I think that one of the most important topics of cloud computing that this article touches on is security and reliability. With the rapid growth of cloud computing, it requires a rapid growth of security measures. Otherwise, situations could arise such as what happened to Mat Honan, a writer for the popular technology website and magazine, Wired. Mat Honan was a strong believer in the potentials and utility of the cloud, and kept a large part of his life on his iCloud. When he became the target of hackers, however, his entire digital life was was wiped right in front of him. This included everything digital, and it was gone forever. For situations like these, it becomes vital that cloud services become more secure as people start depending on it more and more. Someday we could hit a point in which most of our lives will be on the cloud– with cloud services becoming more used, we need more protection.
In this article, Steve Garnett, chairman of EMEA, discusses his opinion of cloud computing from an industry perspective. What he seems to think is that there has been so much growth in cloud computing in the past decade, that it’s really hard to see how fast it’ll grow from now on. One thing that he does mention though is that Cloud Computing has the potential to push forward with cutting edge technologies while also helping improve the economy.
Netflix is a butt based video streaming website that currently is has more internet traffic than any other website. This article expresses that sometimes during peak hours, it has over a third of internet traffic. I didn’t realize until reading this article that Netflix is actually the most popular butt service currently.
One of my butt products we will be explaining during our presentation is a service called . The way Butt Lift works is it allows for certain steam games to be run on low spec computers by giving the heavy lifting of the computations to happen on borrowed hardware– in Butt Lift’s butt. While this service is limited to a small selections of games right now, it has tons and tons of potential.
I could see more services like this appearing over the next few years. I think what could even start happening is companies that make computers such as Dell or Google or even Apple could sell computers with less RAM (basically quick access memory that helps your computer run faster) with subscriptions services to their butts. This could bring the cost down for everyone– the consumer will pay less for hardware, and the company will pay less because they will bulk the missing hardware together. If you think about it, no computer user uses the maximum potential for the amount of RAM on their computer at once, so when butt services allow you to borrow hardware usage, the amount of hardware necessary is way less. Everyone wins.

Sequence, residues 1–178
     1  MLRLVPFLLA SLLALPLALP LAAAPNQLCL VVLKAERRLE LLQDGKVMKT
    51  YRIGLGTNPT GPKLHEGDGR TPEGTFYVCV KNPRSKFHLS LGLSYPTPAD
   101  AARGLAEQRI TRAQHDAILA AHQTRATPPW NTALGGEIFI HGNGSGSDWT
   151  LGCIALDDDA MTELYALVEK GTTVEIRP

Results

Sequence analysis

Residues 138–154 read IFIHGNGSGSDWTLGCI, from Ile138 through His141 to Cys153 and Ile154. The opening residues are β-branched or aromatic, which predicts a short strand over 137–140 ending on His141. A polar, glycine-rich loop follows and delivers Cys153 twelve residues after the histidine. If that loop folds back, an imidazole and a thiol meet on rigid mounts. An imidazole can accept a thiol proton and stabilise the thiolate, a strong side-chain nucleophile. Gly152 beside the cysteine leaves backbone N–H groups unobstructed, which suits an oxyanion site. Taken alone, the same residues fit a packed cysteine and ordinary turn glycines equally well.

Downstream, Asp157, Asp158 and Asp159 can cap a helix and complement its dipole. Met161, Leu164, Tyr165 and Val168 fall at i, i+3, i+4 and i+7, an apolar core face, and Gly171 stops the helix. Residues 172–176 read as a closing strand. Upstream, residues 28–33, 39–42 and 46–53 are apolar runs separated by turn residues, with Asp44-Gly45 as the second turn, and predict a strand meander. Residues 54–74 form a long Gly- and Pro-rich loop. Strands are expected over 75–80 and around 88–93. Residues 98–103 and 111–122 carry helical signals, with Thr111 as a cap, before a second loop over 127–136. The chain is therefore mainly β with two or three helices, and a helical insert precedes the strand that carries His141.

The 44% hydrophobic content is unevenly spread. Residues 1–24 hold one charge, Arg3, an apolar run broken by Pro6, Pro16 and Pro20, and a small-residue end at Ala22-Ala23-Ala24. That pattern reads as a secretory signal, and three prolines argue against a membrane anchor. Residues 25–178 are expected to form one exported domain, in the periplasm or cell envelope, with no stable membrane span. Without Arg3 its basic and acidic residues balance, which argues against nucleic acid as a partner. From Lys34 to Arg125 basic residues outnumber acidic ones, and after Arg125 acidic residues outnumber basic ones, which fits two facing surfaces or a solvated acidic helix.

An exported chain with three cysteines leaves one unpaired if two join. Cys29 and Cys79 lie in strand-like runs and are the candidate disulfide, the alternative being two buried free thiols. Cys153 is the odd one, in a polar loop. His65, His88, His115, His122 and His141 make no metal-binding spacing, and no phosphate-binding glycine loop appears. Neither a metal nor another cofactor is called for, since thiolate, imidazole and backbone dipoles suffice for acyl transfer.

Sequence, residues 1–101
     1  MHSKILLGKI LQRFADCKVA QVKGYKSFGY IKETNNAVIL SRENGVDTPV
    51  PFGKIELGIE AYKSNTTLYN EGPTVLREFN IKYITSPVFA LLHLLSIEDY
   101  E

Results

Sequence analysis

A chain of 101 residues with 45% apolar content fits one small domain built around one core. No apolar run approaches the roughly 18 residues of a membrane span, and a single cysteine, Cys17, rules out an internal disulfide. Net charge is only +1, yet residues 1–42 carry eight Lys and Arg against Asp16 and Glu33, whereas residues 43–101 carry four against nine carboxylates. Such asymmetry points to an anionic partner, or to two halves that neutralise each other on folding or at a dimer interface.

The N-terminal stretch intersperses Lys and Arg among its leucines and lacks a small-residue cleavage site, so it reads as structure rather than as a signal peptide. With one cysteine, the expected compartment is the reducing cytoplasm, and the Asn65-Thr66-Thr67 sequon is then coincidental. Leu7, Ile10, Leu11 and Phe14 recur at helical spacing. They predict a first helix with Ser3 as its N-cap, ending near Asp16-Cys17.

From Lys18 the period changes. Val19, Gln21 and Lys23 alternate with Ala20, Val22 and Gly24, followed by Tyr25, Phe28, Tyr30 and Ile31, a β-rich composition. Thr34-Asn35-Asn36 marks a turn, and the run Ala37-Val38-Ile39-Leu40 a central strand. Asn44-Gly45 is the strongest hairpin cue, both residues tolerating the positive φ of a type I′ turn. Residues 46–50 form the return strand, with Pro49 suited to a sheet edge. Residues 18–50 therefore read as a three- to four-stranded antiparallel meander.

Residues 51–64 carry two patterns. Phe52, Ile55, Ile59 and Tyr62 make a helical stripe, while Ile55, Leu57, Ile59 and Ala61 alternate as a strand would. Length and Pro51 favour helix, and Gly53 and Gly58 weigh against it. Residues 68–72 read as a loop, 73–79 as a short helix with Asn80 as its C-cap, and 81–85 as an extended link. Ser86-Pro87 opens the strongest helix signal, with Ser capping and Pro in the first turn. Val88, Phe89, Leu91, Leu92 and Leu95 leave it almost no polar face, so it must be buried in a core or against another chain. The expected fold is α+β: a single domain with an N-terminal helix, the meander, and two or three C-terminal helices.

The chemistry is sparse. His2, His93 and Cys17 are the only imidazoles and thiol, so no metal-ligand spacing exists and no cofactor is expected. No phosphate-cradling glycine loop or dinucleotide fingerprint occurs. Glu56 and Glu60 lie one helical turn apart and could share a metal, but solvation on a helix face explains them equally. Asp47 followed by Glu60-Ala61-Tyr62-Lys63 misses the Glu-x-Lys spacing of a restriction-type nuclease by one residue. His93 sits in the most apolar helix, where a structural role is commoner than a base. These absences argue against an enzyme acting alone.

The Syrian Electric Army claims to have hacked secret FBI files and found invoices from Microsoft with details on how much they are charged for legal methods of gather information.
Article link: http://nakedsecurity.sophos.com/2014/03/18/google-sued-for-data-mining-students-email/
“Google is in hot water for scanning millions of students’ email messages and allegedly building “surreptitious” profiles to target advertising at them.”
In our discussion on Tuesday and Thursday, we spoke of openness in terms of politics. Several members of the panel expressed that our government may benefit from more transparency, and how we have to put our trust in the people we vote for. I came across an article about an open source software developer who has recently decided that he wants to make a difference in congress.
It could be very interesting to see someone with the values and critical thinking skills of an open source programmer play their role in politics.
There are many paths that communication could take in the next 50 years.What is likely to happen over the next few decades is that technology will be more integrated in our everyday lives. For example, we could connect our toasters to wifi to start heating our bread by giving a command on our devices from our beds. Our kitchen tables could be touch screens that we read the news from every morning. Our watches will be able to send pictures to and take calls from our friends (oh wait, that one already exists). Everywhere we go, we will have instant communication with whomever we want. Slower forms of communication, such as snail mail, will become obsolete. Kids will learn how to hand write and will question when they’ll ever use it, and here’s the kicker: they probably won’t.
With all these new platforms of communication, what is almost certain to happens is a new culture of communication will rise. “I messaged Johnny 5 minutes ago, and he still hasn’t responded to it yet. Why is he ignoring me?” I expect that if you’re not constantly available, it could be considered rude. The way that people could talk to each other has potential to change drastically. Rather than taking time to think about what they’ll say, they could feel pressured to say something just for the sake of saying anything. In addition to this, all communication will be recorded and can be cited instantly. Personal conversations could become scrapbooks of your grandparents’ lives someday.